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Well, one issue down, a second one ready for prime time, and several more in various stages of preparation. And already we're seeing changes. But then, whenever you try to accomplish any venture in the drug discovery arena—be it a new pill, instrument, or magazine—you have to be ready to move as the market moves.
It seems like forever ago that Drug Discovery News's publishers and editors were walking the carpet at LabAutomation in California and the related PittCon in Florida—talking to attendees and vendors about the magazine and their own scientific and commercial hopes and dreams—and yet it was only a couple of weeks. Over the years, I have seen many companies come and go at these shows, and I have watched the shows' demographics move from companies touting the latest in analytical instrumentation for the chemical industry to companies offering the newest automated components for biomolecular screening, genomics, and proteomics.
This year, however, it seems that vendors have tried to find a happy middle ground, sensing that the biological application needs of yesterday are merging with the analytical separation and analysis methods of yesteryear. Perhaps the age of analytical biology is finally upon us, offering scientists mechanisms to determine both quantity and quality.
But at the same time that this trend allows companies to reach the widest audience in biotechnology and pharmaceutical development, it also presents them with the challenge of being all things to all people, and I am reminded of the warning about trying to please everyone while truly pleasing no one.
As Frank Laukien, chairman, president and CEO of Bruker BioSciences, explained during a PittCon media session, companies are faced with a large audience of scientists who are interested in performing diverse experiments but have little or no interest in what is "under the hood" of the instruments that they're using. The samples that go in and the data that comes out are the main concerns of these users.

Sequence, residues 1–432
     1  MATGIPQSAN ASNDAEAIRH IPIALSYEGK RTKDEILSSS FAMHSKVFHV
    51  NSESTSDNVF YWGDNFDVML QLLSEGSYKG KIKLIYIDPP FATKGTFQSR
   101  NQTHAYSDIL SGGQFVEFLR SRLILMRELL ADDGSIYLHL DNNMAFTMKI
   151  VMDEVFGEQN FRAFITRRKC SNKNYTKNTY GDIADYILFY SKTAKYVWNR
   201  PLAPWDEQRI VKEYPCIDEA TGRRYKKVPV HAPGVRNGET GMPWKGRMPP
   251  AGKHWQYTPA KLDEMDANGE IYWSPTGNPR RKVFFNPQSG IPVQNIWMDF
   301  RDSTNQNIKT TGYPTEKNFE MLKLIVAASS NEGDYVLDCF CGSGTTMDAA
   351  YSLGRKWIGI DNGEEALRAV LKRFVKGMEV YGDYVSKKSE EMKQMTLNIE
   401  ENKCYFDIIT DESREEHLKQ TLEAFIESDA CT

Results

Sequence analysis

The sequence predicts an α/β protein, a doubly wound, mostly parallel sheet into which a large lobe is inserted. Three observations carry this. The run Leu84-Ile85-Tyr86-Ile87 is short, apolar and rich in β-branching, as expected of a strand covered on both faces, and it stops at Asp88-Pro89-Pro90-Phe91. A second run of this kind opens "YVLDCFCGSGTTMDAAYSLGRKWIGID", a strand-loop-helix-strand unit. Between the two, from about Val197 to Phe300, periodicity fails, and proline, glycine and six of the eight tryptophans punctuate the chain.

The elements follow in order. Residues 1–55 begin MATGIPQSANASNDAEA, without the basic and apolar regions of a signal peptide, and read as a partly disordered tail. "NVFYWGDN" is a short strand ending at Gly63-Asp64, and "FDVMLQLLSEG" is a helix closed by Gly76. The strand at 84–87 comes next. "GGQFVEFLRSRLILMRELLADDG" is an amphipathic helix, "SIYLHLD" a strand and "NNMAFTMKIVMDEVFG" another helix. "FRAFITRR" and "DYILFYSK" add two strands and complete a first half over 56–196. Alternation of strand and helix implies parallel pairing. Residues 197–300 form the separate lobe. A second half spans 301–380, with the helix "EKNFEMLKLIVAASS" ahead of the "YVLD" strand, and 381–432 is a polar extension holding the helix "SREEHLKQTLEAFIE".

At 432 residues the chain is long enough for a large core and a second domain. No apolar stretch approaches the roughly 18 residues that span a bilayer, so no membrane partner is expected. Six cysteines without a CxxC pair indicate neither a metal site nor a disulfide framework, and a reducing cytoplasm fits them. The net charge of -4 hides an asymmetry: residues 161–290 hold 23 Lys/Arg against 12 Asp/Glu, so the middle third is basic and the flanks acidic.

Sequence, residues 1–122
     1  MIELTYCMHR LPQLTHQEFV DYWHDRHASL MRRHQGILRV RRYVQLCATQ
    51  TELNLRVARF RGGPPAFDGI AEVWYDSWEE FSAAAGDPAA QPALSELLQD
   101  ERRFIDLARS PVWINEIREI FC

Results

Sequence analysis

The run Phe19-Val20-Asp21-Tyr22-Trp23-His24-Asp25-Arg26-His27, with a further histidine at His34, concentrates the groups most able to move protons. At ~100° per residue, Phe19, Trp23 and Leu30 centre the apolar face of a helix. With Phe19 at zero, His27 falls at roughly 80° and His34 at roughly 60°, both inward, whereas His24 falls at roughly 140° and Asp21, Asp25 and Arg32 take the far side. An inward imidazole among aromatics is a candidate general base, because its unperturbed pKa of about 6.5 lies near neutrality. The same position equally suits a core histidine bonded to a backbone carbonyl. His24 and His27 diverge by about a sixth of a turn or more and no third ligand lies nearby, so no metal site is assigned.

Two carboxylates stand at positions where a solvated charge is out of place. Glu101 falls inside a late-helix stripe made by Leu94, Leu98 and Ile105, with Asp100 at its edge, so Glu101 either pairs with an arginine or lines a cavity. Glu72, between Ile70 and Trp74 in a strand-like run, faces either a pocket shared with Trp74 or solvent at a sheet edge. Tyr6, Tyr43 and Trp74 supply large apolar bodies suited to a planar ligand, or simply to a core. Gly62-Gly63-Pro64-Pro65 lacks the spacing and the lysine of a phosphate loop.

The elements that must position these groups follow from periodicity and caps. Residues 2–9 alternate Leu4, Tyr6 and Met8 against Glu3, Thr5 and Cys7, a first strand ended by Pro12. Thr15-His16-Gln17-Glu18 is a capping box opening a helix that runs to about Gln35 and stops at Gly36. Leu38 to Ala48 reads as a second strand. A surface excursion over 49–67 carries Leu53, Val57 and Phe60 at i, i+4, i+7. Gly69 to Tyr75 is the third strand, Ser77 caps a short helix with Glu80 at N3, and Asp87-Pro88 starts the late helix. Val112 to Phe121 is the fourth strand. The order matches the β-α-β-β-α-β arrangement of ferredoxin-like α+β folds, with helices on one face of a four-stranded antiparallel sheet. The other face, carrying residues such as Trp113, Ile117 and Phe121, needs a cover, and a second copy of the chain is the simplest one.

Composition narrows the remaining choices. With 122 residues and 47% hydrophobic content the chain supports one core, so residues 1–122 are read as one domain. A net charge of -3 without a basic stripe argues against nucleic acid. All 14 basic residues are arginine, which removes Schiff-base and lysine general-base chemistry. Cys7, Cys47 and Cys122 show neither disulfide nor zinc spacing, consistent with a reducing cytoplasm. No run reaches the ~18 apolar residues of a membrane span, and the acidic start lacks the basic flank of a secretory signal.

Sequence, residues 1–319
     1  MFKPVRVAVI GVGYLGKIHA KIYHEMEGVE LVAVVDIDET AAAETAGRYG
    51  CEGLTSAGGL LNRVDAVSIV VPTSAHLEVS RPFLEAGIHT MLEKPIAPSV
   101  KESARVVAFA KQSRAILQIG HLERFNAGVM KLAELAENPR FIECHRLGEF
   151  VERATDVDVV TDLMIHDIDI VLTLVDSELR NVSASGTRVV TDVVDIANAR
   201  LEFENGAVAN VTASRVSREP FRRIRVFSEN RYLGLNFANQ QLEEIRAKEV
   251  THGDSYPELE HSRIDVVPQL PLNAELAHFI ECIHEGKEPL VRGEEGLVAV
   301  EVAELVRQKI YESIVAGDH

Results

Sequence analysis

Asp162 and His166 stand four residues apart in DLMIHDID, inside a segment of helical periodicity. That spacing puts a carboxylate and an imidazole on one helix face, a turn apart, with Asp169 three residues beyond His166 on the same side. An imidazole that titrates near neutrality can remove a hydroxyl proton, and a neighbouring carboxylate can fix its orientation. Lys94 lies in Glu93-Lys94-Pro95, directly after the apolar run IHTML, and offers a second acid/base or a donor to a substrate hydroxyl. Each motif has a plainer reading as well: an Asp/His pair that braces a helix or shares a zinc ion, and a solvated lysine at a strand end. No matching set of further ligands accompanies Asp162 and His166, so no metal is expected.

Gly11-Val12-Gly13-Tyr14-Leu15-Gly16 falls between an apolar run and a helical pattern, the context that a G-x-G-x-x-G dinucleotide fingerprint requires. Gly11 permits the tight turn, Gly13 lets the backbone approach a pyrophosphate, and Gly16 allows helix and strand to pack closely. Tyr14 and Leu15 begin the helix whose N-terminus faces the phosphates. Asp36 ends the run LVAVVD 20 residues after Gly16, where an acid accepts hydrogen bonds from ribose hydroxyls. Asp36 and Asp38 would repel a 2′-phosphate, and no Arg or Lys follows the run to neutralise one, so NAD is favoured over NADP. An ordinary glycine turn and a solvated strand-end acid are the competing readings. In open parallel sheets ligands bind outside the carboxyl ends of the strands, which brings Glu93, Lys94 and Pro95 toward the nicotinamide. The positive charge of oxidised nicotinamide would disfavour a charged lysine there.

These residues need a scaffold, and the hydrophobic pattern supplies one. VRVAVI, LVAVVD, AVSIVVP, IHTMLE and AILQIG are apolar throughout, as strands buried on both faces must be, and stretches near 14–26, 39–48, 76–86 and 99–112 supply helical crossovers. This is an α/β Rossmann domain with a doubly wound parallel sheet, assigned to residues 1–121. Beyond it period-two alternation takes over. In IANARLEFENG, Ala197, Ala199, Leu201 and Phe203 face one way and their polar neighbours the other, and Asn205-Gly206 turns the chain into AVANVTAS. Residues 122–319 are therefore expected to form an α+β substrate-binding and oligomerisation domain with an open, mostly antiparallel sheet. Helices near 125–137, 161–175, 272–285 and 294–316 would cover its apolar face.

The challenge to vendors, it seems, is to build machines that perform highly complex functions in a manner that is sufficiently transparent for anyone to use. At the same time, however, the vendor must also satisfy the seasoned laboratory veteran who didn't have a problem with the way things used to be done.
In most cases, the user interface provides the solution, satisfying both customer bases with a single solution.
DDN faces a similar challenge. In a crowded market of magazines interpreting events in the pharmaceutical and biotechnology arenas, the response to DDN was quite overwhelmingly positive. People seemed happy to find a magazine that offered them an analytical perspective on the industry, providing insights on stories covered widely and glimpses of stories few
others thought important.
But with that positive feedback comes the responsibility of not just maintaining the status quo, but improving on it with each subsequent issue. And we hope to answer that challenge by continuing to develop the user interface: these pages and our web site. Each month, we will try to bring you more and better stories, supplementing the insights and ideas with extensive links, background, and story updates on our web site.
We also want to give you the opportunity to provide your feedback or thoughts about the industry directly, whether by email, post, or phone. Regularly, we will invite industry leaders to provide their insights on where certain fields in drug discovery are going or in some cases, where they went. In this issue, Entelos's Michael French and Organon's Henri Theunissen offer their thoughts on biosimulation and its role in pharmaceutical discovery and development.